With news and rumors about the third Batman film starting to circulate, and an announcement of some sort expected any time in the coming weeks/months, most speculation has focused on what villain(s) will appear in the film. This has led to much debate about whether or not we are most likely to see some of the best-known villains, and whether in fact such villains "have" to appear.
I'd like to talk about three issues: whether or not we are most likely to see better-known villains, or lesser-known villains; whether or not any particular villains "must" appear (and whether or not the film will be inherently inferior if it lacks any particular characters); and which, if any, villains don't work in Nolan's illusionary realism. Then I"ll take a fun direction, and list a collection of villains that I think can and would work in Nolan's illusionary realism (the list is longer than you might think), and I'll finish up by giving examples of how a few particular villains could work on film.
Next, we come to the question of which villains best fit into Nolan's “illusionary realism,” and whether some villains simply cannot work in the "Nolanverse." While it's true that there are some characters who don't easily fit into the existing world of Batman on film, the number who do is far bigger than most people realize.
The villains who seem to me to most obviously not lend themselves to interpretation through illusionary realism would include Man-Bat, Gorilla Boss, Corrosive Man, and perhaps a couple of other one-appearance types, as well as alien beings and characters whose entire existence depends on supernatural elements that can't be removed without stripping them of their entire characterization. There are far more characters who would technically fit into illusionary realism, but who would just be silly or lame -- like Condiment King, for example.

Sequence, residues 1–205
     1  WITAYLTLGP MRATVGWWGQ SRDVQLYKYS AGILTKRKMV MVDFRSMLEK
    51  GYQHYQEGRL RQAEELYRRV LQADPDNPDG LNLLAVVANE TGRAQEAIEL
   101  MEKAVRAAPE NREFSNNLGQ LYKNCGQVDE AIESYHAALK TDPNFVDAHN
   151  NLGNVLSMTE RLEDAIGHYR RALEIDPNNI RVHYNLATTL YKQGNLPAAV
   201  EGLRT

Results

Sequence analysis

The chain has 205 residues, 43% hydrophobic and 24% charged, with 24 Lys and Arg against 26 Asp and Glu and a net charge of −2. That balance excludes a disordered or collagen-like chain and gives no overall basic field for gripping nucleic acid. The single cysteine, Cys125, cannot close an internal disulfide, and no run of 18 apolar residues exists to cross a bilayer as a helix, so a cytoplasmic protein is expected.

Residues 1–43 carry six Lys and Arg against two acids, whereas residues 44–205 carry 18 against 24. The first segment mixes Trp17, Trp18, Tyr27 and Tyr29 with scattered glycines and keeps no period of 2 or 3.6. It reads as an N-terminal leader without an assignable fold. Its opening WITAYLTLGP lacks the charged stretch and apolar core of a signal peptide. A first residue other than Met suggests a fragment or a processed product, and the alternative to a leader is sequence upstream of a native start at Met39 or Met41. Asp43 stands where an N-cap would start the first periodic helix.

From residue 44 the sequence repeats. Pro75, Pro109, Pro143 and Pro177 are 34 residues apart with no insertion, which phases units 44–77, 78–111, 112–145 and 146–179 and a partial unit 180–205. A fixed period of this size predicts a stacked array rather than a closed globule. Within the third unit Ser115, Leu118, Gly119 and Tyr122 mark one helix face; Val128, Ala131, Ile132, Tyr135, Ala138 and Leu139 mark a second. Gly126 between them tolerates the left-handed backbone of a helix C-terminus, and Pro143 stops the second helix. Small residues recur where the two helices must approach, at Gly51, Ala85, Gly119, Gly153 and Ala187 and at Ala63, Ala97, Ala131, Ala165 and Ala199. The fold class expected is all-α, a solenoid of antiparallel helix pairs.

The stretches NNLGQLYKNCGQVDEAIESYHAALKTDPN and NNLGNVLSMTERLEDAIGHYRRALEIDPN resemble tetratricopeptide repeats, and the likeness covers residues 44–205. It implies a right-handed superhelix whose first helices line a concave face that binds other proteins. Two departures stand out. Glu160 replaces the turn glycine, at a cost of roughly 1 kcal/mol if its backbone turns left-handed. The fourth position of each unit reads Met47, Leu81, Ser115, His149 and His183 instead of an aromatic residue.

What doesn't work in Nolan's illusionary realism are elements that are so far removed from existing science that audiences could only consider them advanced science fiction, or elements that can only be described as overtly supernatural and lacking in any other interpretation. There is plenty of room, however, for stretching the boundaries of science and realism, as the rooftop chase sequence in a tank from BATMAN BEGINS or the sonar device from THE DARK KNIGHT make readily apparent. Even some of Batman's seemingly most outlandish characters, such as Mr. Freeze or Poison Ivy, could be portrayed on film well within the boundaries of illusionary realism.
It might be better if people started to consider pseudo-realism in Batman films not as a limitation, but rather as a challenge to be more creative and re-imagine new angles on traditional characterizations. It is no easy feat to take a character like the Ra's al Ghul or Two-Face and give the appearance that they could plausibly exist in the real world ("the appearance", since of course the events are not actually literally realistic, they are simply presented as if they were and we accept them as such). It takes ingenuity and bravery to adapt those characters into the "Nolanverse", and one could even argue in fact that it takes more creativity to re-imagine them and fit them into illusionary realism than to simply present them as-is from the source material.
So who are some villains that can in fact fit into Nolan's illusionary realism? Here is a sample list of characters who would work on film, and who demonstrate the depth of Batman's gallery of villains...
Talia al Ghul
Mr. Freeze (Victor Fries)
The Penguin, AND...
Did I miss anyone?